It is 25 years of the Bhopal gas disaster—the night when chemicals spewed out of the Union Carbide factory to kill and maim thousands over generations.
The question is if we have learnt from the disaster—learnt how to handle chemical accidents; to dispose of industrial toxic waste; to manage crucial medical relief, to give monetary compensation speedily and to establish the liability of polluters—so that accidents like this do not happen again.
I was in Bhopal when the city marked the anniversary of that night. An exhibition by Bhopal activists relived that night of horror. How people fell like flies, instantly dead, as the gas-laden air hit them; how thousands of animals lay rotting on the roads and how hospitals could not cope with the victims and how nobody (particularly the company) explained the ailments or the treatment. What is even worse is that parts of the city still live the horror. Activists say children born to gas victims are usually deformed and diseased. What is worse is that a stockpile of toxic chemicals remains—leaching into and contaminating the groundwater of new and old victims of the industrial disaster.
The question is why this continues to happen. The fact is we refuse to use credible and public science to guide policy. After the disaster, the Indian Council of Medical Research (icmr) was asked to study the short-term and long-term impacts of the chemicals. But in the early 1990s the government asked the institution to discontinue research, for no reason given. As a result, there is no epidemiological research on the victims old and new. Civil society groups working with victims say (and have published studies) on the increased incidence of mental and physical deformities among the gas affected populations. But as there is no empirical research by government institutions, the government can deny the problem exists. It is poverty they say. Nothing unusual. Criminal and irresponsible.
We stumbled on this denial game in another connected issue—the disposal of waste in the Union Carbide factory compound. For some years now groups working in Bhopal have raised concern that toxic contaminants remain in the factory. A case has been filed in the Jabalpur bench of the Madhya Pradesh High Court to direct the government to remove the waste and to do this, quickly. For the past two years or so, the government, both Central and state, has been dealing rather unsuccessfully with the question of waste—will it be sent to a landfill, or will it be incinerated? But even as it muddles through this question and the stockpile of some 340 tonnes of stored waste sits in the abandoned factory, the government changes tack. It now says the waste is not toxic. It says the groundwater around the factory is not contaminated. Why? Because its scientific institutions say so. My colleagues at the Centre for Science and Environment decided to investigate.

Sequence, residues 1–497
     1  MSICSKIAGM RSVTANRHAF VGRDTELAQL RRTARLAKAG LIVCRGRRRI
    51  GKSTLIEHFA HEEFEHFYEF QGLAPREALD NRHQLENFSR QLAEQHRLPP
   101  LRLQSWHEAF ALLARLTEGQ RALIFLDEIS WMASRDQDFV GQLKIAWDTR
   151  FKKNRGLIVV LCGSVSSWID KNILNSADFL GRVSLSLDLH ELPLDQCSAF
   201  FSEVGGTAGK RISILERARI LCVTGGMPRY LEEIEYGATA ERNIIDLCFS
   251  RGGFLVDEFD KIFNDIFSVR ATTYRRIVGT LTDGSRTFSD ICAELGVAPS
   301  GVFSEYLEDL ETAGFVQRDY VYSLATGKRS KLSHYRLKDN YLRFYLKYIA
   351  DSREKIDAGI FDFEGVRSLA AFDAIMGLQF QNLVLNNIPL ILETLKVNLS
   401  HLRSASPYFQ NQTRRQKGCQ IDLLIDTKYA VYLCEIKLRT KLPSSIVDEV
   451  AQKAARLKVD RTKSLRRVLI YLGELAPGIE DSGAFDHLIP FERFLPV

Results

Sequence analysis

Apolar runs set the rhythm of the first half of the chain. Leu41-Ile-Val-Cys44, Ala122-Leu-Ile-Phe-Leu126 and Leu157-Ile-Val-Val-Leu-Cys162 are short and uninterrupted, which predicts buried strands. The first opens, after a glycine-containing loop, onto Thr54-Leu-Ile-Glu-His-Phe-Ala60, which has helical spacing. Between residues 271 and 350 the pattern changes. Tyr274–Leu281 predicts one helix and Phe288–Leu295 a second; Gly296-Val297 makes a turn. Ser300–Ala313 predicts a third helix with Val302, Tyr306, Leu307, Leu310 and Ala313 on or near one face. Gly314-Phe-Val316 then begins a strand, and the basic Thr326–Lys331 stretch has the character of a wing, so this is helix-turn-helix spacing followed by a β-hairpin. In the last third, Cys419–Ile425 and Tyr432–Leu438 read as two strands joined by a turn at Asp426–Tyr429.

My colleagues first investigated what the factory was manufacturing and what were the processes it used. This gave them clues into what should be checked in the laboratory. Piecing together scanty information, they learnt that Union Carbide manufactured three kinds of pesticides—carbaryl (trade name Sevin); aldicarb (Temik) and a formulation of carbaryl and gamma-hexachlorocyclohexane (g-hch), sold under the trade name Sevidol. The company bought technical grade hch and after extraction of g- hch threw the waste with remaining isomers and lasting toxicity into the ground. They also looked at the derivates of the chemicals; the solvents used, like chlorinated benzene and heavy metals like mercury used us sealants.
With this information, we sought permission to collect samples. We got it readily from the Union environment minister and officials of the pollution control board went with my colleagues to the factory. Chandra Bhushan who directed this research says he was shocked to see traces of mercury visible in parts of the factory. He then went to various sites around the factory, collecting groundwater samples: to know if the pollution had spread.
The results were startling. We found the same chemicals in the soil and water of the factory—at unacceptably high levels; we found the same in groundwater almost 3 km from the city, at lower levels but signifying chronic toxicity—long-term exposure leading to deadly diseases, particularly in an already immuno-suppressed poor population of gas victims. Also, the task of remediation is massive—not just the stored waste but the soil and water will need to be cleaned.
But science is malleable. Studies used by state government say that there is no or negligible danger; these discussed only acute toxicity—the amount a human being would need to eat to die. Then, the studies, which showed no contamination of groundwater, did not even check for the pesticides being produced by the factory. They did not find, because they did not check for what needed to be found. Confusion and denial is the name of the game.
The victims are forgotten till the next anniversary comes along.
Share this article